Leonard Williams spotted the familiar face as he made his way through the lobby of the South Florida hotel.
Outside, by the valet, was a man the Jets star had not seen in 10 years — his father. Clenon Williams had spent a decade in a Florida prison, going away when Leonard was just 14. Clenon was released last month and reconnected with his son for the first time on Nov. 3, the night before the Jets faced the Dolphins.
“I just looked at him,” Leonard Williams told The Post on Wednesday. “I don’t know. I didn’t expect it to be super emotional because I’m just not that type of guy and neither is my dad. We’re just not that type of people. But when we saw each other and hugged each other, we just held onto each other for a really long time. You could feel the energy going through each other.”
The following day, Williams played in front of his father for the first time since he was a freshman on the junior varsity team at Mainland High School in Daytona Beach, Fla. When Clenon was locked up, he missed out on his son becoming one of the top football recruits in the country, eventually going to USC and then becoming the No. 6 pick in the 2015 NFL Draft by the Jets.
Clenon stood on the sideline before the Jets-Dolphins game, wearing his son’s 2016 Pro Bowl jersey, then watched him play an NFL game.
“I feel like it’s surreal for him,” Leonard said.
The two will spend Thanksgiving together for the first time in more than a decade on Thursday. Clenon Williams was flying in Wednesday night and Leonard will host his father, his two brothers, his sister, an aunt and a cousin for the holiday.
“It’s going to be awesome,” Leonard Williams said. “This is the first time in a long time where we’re getting together and I’m feeling nothing but excitement about it.”
The younger Williams never visited his father at the Marion Correctional Institution in Ocala, Fla. The two talked by phone, but Williams said he held a grudge against his father for a long time. Clenon was convicted of a number of charges, the most serious being robbery with a deadly weapon. The elder Williams followed his son’s football career from prison. When they reconnected this month, Clenon showed Leonard newspaper clippings of stories about Leonard that he had saved in prison.
Leonard said the root of his father’s issues was an addiction to drugs.
“That was the most difficult thing growing up, the drug part,” Williams said. “That’s the reason I didn’t forgive him for a while. I felt like he chose that over us at a certain point. I had some anger toward him.”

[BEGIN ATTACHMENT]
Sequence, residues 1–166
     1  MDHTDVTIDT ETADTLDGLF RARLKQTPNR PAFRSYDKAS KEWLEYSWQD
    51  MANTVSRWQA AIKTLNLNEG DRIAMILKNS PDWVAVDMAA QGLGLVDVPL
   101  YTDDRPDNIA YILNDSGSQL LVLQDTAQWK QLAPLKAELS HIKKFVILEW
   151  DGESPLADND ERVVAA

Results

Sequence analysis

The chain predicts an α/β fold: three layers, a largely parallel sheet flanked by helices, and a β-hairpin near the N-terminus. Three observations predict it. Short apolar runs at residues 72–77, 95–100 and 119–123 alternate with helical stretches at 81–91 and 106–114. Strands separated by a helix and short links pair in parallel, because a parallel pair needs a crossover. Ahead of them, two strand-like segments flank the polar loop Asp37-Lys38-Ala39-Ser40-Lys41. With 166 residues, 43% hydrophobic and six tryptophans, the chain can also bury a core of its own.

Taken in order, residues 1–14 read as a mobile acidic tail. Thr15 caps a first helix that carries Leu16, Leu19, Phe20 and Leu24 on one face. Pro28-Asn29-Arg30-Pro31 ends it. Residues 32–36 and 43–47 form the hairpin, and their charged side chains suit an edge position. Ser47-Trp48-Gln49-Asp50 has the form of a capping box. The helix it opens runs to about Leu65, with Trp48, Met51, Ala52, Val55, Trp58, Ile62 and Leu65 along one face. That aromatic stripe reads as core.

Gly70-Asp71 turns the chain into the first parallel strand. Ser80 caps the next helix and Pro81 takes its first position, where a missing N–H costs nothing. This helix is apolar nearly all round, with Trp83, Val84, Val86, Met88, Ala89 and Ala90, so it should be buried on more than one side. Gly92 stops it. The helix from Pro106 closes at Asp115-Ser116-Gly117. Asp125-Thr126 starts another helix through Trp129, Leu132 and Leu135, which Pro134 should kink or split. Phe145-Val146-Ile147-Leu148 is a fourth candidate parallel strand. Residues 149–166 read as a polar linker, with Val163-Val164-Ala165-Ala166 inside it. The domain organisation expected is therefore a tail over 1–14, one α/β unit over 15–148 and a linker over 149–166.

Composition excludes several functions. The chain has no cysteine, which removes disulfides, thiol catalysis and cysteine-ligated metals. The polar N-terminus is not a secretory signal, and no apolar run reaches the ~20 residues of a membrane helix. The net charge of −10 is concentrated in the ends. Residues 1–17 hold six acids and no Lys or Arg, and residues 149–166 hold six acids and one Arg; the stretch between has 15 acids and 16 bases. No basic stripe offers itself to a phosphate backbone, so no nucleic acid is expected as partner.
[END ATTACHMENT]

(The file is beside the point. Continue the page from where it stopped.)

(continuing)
The Jets defensive end had a rough upbringing because of his father’s drug problem. Williams said his father is a smart man, who earned a college degree and held a high-paying job when he was young. But then he would get back into drugs, end up in jail and the family would be on the move.
“When he would mess up, we would end up losing the house,” Williams said. “He was making really good money. If he went to jail, we couldn’t afford the house and we had to move out. That happened a lot. I moved around a lot.”
Leonard was born in Bakersfield, Calif., but he bounced around to Sacramento, Michigan and Arizona before he was even 10 years old.
Eventually the family settled in Daytona Beach. At times, the Williams family had to stay in homeless shelters or a motel.
Williams said it was not until he attended a leadership class in 2017 that he truly forgave his father. Still, when Clenon, 51, was released from prison in October, Leonard did not want to welcome him right back into his life.
“When he first got out, I was not super eager to be like ‘Oh, what’s up?’ and be around him all the time,” Leonard said. “I wanted to him to like prove himself a little bit, just naturally. That was what was in my head. I feel like he’s been going above and beyond to put himself back into our lives. That’s the reason I’m giving him a chance now.”
Leonard said Clenon has shown he wants to make up for lost time. They text each other daily. Leonard often wakes up to a message from his father. The family has a group text chain through which they reconnect.
“I don’t think you can ever make up 10 years of lost time, but the fact that he’s out and back in our lives is the most important thing,” Leonard said.
Leonard recently helped his father get a place near where Leonard’s mother, Aviva Russek, lives in Florida. Leonard said he hopes his father can stay out of trouble now that he has served his sentence.
“I feel like he’s in a really good place now,” Leonard Williams said. “I can see it in his eyes. I can see it in his body language, his face. I could just tell because I know him so well.”